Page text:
Saskatchewan's portion of Trans Canada Trail a walk through history

REGINA

Standing on the banks of the South Saskatchewan River, near the Whitecap Dakota First Nation, presents a view of an endless river and a valley on either side.

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It’s one of the spots on the Trans Canada Trail that trail development manager Kristen Gabora says can leave visitors in awe.

“We opened the Chief Whitecap Waterway at Whitecap Dakota First Nation, and when you’re standing on that riverbank and you’re looking out, it’s just the most beautiful, beautiful thing ever,” said Gabora. “The whole waterway is phenomenal.”

The Chief Whitecap Waterway is the Trans Canada Trail’s first paddling route in Saskatchewan.

It’s just over 100 kilometres of water trail, running through the Whitecap Dakota First Nation from the Gardiner Dam on Lake Diefenbaker to the city of Saskatoon.

The waterway is part of about 1,700 kilometres of the Trans Canada Trail in Saskatchewan. The trail is connected through walking paths, waterways and on gravel country roads.

The idea of creating a trail that would link Canadians from coast to coast started in 1992. Since then, Trans Canada Trail, a not-for-profit organization, has been working with donors, governments and volunteers to create an epic trail on both land and water routes.

“The trail really is a living symbol of national collaboration, one that will continue to grow and flourish for generations to come,” said Trans Canada Trail president and CEO Deborah Apps.

Every province and territory has its own stretch of the trail, which is owned and operated at the local level.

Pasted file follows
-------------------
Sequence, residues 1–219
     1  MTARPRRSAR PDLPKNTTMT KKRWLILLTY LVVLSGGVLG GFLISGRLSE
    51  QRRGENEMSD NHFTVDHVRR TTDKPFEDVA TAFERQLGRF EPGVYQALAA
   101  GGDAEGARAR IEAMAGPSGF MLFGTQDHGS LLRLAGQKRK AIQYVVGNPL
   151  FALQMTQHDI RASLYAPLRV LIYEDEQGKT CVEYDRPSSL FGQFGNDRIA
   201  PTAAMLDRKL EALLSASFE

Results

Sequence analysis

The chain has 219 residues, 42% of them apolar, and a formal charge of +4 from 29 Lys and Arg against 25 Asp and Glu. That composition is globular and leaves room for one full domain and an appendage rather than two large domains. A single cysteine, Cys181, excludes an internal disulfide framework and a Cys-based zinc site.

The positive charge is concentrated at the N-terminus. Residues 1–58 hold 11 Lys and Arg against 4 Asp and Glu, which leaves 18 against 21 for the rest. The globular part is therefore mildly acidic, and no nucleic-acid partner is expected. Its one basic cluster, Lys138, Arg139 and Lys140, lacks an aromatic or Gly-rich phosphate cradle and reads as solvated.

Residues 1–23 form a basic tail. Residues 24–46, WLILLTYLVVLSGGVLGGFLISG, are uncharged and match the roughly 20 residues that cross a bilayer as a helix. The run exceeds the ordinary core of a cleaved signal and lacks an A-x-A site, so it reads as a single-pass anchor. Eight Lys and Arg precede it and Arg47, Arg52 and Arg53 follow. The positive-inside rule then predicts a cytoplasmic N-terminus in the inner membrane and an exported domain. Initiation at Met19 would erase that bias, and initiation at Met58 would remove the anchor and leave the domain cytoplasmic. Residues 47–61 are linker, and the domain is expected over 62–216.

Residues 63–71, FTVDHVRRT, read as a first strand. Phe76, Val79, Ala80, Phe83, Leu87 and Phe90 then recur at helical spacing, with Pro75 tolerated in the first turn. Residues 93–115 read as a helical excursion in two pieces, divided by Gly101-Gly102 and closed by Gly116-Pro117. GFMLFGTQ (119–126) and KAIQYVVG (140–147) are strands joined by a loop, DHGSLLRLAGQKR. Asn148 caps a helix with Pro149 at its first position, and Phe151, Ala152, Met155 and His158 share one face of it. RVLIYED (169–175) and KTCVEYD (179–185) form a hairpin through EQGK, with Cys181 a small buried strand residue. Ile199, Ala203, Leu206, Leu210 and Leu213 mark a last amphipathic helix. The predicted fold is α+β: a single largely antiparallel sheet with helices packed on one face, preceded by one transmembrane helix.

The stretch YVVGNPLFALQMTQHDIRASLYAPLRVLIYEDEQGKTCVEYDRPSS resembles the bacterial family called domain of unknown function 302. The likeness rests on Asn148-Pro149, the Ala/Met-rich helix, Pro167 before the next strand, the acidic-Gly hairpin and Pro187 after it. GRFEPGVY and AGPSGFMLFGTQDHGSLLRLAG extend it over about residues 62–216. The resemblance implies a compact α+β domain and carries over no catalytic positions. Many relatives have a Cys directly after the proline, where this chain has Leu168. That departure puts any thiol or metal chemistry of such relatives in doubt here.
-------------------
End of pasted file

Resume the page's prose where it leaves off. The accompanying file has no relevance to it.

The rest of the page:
There are about 20,770 kilometres of trail across Canada so far and it’s 87 per cent connected. Saskatchewan’s section was announced as fully connected Oct. 1.

Some 40 rural municipalities in Saskatchewan got on board with the project and chose routes that link people to points of interest. They intentionally stayed off highways.

“We really wanted to keep people all about what Saskatchewan is and it’s not about following a ribbon of highway,” said Gabora.

 

> See TRAIL, page D7

“It’s about following grid roads, which are like following the roads of the pioneers.”

Standing on that dusty road that stretches forever, with farmland on either side, makes you wonder what the first settlers thought when they stood here, says Gabora. It must have been intimidating and inspiring at the same time.

“Everywhere you go on this trail, I think you get that feeling,” said Gabora.

“You get the rich history of Saskatchewan. You get the feeling of our settlers. You get the feeling of our First Nations. This whole province is just so etched in history and I think, at times, we tend to forget that. And I think on this trail it gives you a chance to get back to those roots and to really feel one with nature.”

Work is also finishing up on a six-kilometre part of the Elbow Trail, running between the golf course in the village of Elbow and Lake Diefenbaker.

Gabora says it will be a must-see spot.

“It’s very quiet. It’s peaceful,” she said.

“At times, you’re up on an open hill, on an open prairie hill overlooking the lake [with] this beautiful vista. Then you come around a corner and you’re in dense, dense trees and brush and you feel like you’re in the middle of a forest. It’s just unbelievable. There are so many different aspects to this trail.

“It’s not overly long, but it’s beautiful, and it is a major link between Douglas Provincial Park and Danielson Provincial Park.”

The Trans Canada Trail website lists five must-see sections of the trail in Saskatchewan, including a bicycle-friendly stretch along the Louis Riel Trail that leads cyclists to the National Historic Site at Batoche, Riel’s headquarters and the site of the last battle of the North-West Rebellion of 1885.

Gabora says Batoche is her favourite historical spot on the trail.

She also likes the sunset from the Saw-Whet Trail near Lumsden, just north of Regina, and says the Wakamow Valley Suspension Bridge in Moose Jaw is the “icing on the cake” for a trail with kids.

But it’s hard to choose an overall favourite spot.

“I have been probably on every section of this trail and they are all so unique and they all pull at my heartstrings for different reasons,” said Gabora.

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If You Go...

Explore the trail map at www.thegreattrail.ca

Visit www.chiefwhitecapwaterway.ca for details on planning your trip, including canoe rentals.

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